Ben got older, so I took a train to his house, which was made entirely of women and nearly empty bottles. His new ladyfriend, a curvy thing with red hair and perfect lips and exquisite taste in hats, was introduced to society. I took up a new sport, and every time Ben left the room convinced new combinations of girls to take over his bed. The boys who stumbled into the room stood around looking nervous, but Ben and I, being gentlemen, were usually invited. I wandered the night with Beth. We got lost and were followed by packs of dogs. I sliced up my hand, anointing suburban streets with my own holy blood, terrifying the uninitiated. We kissed in the rain, under a bridge, against a church. The next morning the three of us were listening to music in his living room, singing to one another, hugging, dancing. It was saccharine but perfect. I'm in love with all of us, with these moments. We do nothing but bathe and praise the Fort, inventing and reinventing self-referential mythologies, building Babylon in a former Chinese restaurant in South Philadelphia. We have an anthem now, Psalms, a flag, auxiliary troops, and our parties are all exactly like this:

Elephant Gun )
jacktellslies: (sebastian)
The favourite of the Roman Emperor is taken to be entertained by the mysterious Egyptians. He wears only a loincloth of red silk and is fed grapes and honeyed wines by boy-slaves while he's carried about on a litter, finally returning home to be devoured by his friends. (Et tu, Beth?)
jacktellslies: (corsetry and robotics)
My roommate Meredith enjoys photography, and she's quite good at it. The following, however, should not be considered an example of her skills, but as an experiment in making the best of bad lighting, aiming a machine and pushing a button and being tipsy all at the same time, and fantastic company.

These are my friends. )
jacktellslies: (bee)
Stopping to consider the mostly unopened morning glories, wondering if I was awake earlier than they or if I had just missed them, I watched a bee squirm inside a few of them, bulging the sides out, barely welcomed. I like the insides of flowers. It's like looking up someone's skirt with absolutely no idea of what one might find there: a thousand identical but seemingly separate buds, imitation insects, sweet poison and small dead things, colours horrific and obscene, curving pistils and stamens both, or nothing but petals, twisting inward endlessly, perfect and disappointing.

Meredith and Rebecca and I walked in gardens on Saturday. We kissed stone goats and orchids, climbed a tower, tested water lilies, and illicitly ate berries and tomatoes and peppers. They were bold Eves; I only ate what they gave me. My rib is theirs to do with as they like.
jacktellslies: (this machine)
A great many fish, especially those in the bass family, have sharp spines along the ridges of their backs and on the strongest bone or two of their fins. The spines of red snapper are not only sharp, but also poisonous. The fish produce bio-toxins that ensure that when we fishmongers stab ourselves in the knuckle with one of the spikes, as we often do, we'll have a joint that is swollen, limited in its range of motion, and in a good deal of pain for a few days. It is one of our more interesting battle wounds, and we count ourselves luckier than ordinary predators: at least we don't take it in the mouth. This time, however, besides the usual symptoms I was also given an interesting series of red lines tracing their way up my forearm, at first in the shape of a tree as it followed my veins, and then converging and spiraling most of the way up my arm. Blood poisoning! What a clever fish! The doctors and nurses were all fascinated, as apparently this sort of reaction usually takes a week or two as opposed to a bit more than a day, and not many of their patients come in with fish related injuries. They even had to do research in order to give me an exact diagnosis. The people for whom I work were kind enough to cover the expense of my visit to the hospital and my medication, and to pay me for the time during which I was at the hospital instead of work. Even better than that, the amazing Tom and Erica were extremely good to me, visiting me in the waiting room and bringing me a cookie. All of fishkind, meanwhile, rejoiced, having finally taken their revenge.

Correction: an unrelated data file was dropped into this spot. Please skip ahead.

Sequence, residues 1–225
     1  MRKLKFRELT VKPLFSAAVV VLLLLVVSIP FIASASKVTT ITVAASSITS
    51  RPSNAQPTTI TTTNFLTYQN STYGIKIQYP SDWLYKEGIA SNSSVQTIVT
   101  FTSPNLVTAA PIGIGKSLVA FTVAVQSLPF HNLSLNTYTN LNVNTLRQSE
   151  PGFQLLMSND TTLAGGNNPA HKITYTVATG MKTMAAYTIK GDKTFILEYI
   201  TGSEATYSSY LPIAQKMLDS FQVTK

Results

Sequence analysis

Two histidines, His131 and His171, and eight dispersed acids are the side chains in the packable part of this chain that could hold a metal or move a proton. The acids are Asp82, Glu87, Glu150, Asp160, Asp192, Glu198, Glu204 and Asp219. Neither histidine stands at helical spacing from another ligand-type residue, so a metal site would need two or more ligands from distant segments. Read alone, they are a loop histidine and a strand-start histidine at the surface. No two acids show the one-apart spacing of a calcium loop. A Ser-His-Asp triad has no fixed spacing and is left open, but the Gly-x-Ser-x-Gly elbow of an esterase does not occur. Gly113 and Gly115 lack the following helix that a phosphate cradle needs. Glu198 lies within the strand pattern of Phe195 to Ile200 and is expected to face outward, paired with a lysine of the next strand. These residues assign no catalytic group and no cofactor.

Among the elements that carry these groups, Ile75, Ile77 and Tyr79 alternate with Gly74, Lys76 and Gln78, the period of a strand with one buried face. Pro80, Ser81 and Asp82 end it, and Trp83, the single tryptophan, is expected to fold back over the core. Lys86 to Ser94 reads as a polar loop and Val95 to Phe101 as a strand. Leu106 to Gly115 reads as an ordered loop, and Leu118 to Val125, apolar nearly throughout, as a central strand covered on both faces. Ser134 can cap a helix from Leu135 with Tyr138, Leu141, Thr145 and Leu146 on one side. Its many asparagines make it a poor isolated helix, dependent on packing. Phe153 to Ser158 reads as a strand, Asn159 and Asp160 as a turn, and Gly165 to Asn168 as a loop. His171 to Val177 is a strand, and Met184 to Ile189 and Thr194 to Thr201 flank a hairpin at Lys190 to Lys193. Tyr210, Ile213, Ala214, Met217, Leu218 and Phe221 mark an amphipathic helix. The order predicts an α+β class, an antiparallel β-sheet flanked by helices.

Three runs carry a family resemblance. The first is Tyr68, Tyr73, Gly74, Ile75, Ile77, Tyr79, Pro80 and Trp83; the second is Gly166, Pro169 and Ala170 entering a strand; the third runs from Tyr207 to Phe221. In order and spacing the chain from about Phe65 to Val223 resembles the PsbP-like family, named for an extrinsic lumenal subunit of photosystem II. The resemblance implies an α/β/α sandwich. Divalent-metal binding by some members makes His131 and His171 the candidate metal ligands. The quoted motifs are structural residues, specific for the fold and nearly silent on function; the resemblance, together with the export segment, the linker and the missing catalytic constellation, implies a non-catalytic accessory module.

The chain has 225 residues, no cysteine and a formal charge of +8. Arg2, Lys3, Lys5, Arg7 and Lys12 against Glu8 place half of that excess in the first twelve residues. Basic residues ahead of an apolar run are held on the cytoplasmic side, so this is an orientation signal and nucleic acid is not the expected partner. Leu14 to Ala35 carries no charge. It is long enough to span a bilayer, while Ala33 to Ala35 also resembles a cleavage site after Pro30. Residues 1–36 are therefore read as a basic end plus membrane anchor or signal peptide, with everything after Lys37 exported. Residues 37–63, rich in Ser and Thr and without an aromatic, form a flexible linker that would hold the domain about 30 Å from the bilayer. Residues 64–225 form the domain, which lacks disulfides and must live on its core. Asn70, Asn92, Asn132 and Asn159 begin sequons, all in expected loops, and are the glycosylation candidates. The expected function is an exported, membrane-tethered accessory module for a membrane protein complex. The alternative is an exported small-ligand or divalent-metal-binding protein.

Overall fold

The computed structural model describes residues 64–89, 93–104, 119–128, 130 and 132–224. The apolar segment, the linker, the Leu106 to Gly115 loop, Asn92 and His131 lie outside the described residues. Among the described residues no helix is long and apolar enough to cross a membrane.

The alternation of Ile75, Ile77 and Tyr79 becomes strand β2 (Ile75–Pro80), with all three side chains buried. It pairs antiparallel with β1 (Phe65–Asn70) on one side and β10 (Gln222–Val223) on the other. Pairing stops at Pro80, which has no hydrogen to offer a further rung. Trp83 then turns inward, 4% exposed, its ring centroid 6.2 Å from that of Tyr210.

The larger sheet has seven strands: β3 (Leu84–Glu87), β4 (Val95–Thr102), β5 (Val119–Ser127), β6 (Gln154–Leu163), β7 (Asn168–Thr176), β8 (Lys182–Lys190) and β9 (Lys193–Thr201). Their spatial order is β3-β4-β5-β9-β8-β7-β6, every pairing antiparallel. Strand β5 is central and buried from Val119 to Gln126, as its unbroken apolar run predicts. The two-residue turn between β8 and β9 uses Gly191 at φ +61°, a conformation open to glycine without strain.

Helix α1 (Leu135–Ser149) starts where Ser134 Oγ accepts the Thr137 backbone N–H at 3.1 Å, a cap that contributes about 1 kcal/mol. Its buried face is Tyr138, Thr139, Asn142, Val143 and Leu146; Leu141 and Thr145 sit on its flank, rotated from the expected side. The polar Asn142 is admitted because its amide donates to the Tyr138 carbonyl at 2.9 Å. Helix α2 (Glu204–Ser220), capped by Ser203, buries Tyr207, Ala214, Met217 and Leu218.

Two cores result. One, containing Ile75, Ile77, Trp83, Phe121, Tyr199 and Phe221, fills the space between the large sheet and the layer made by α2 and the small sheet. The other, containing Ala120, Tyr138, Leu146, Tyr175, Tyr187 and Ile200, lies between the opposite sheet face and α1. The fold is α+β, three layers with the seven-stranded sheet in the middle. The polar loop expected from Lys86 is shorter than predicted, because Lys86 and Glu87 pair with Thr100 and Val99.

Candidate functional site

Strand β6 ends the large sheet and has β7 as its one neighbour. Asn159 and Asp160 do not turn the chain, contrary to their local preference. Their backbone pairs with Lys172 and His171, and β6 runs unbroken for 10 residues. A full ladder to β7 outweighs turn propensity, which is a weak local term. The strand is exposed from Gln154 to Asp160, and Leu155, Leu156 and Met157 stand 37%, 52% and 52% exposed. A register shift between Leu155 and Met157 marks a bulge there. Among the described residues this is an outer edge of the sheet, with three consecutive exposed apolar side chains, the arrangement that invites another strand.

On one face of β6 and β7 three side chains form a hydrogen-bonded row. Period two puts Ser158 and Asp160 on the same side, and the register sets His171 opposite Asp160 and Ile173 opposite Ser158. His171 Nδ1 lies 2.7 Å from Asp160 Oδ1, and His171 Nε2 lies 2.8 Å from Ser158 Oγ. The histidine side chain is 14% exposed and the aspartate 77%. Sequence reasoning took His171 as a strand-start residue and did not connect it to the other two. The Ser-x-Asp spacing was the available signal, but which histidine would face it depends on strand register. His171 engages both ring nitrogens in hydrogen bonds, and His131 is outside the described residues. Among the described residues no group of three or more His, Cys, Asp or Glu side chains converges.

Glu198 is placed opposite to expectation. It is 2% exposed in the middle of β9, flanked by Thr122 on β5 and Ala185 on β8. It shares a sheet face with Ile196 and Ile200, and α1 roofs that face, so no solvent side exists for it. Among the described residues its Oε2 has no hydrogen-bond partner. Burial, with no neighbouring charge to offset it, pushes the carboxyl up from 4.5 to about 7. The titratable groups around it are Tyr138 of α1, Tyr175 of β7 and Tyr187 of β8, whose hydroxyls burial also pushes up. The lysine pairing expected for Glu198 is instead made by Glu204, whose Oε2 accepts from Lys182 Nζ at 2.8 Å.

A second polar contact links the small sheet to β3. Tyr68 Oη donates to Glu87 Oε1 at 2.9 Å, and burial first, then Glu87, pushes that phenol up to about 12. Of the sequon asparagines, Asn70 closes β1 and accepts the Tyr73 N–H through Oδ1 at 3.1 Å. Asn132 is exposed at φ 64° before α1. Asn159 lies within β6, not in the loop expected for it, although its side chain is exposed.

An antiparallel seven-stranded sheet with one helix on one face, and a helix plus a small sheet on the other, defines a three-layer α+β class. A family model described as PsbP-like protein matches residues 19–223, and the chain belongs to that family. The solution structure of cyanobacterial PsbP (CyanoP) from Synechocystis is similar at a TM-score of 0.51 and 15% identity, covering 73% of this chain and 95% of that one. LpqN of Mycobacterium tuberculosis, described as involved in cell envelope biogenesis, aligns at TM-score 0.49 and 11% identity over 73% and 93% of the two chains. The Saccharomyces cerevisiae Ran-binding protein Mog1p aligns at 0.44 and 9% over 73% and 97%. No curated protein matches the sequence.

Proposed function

jacktellslies: (algeria 1905)
A dispatch:

I am now living in a former Chinese restaurant, now a fort in the deserts on the border of South Philadelphia and French Algeria. The layout of my post, in part, is as follows: the outside is painted in pink and white stripes. All of the floors are tile, which should make cleanup easier should I require anymore emergency surgeries (please refer to paragraph three). The bedroom windows open up onto an alleyway that does not, as far as I can tell, open onto the street. I've not yet climbed through either of them to go exploring. There is also a door that should open to the basement, but instead opens onto a blank wall. I'll explore that as soon as it opens into a magical realm. I check daily, taking turns employing the various fairy tricks I know. No, I admit, I've not yet investigated the surrounding territories much, but I believe that one should secure the fortifications before wandering out into the unknown. I did venture out in order to find the nearest liquor store, and was thrilled to find it a mere three blocks away. (I planted a flag there, of course, thus expanding the empire.) There is a spider living under the hand crank that opens the bay window in the living room. Her web is the cottony sort, not the geometrically perfect variety; she seems far more concerned with my housekeeping style than her own. Every insect to die in the house thus far is currently entombed in a pile beneath her nest. Clever, gluttonous girl.